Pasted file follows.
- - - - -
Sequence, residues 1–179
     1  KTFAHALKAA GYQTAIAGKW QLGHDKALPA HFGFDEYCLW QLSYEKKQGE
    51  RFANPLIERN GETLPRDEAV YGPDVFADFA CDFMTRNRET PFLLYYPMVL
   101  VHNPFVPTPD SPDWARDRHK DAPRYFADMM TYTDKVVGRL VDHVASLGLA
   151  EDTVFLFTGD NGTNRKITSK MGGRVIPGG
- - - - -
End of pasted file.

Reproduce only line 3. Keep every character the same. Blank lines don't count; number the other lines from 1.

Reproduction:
    51  RFANPLIERN GETLPRDEAV YGPDVFADFA CDFMTRNRET PFLLYYPMVL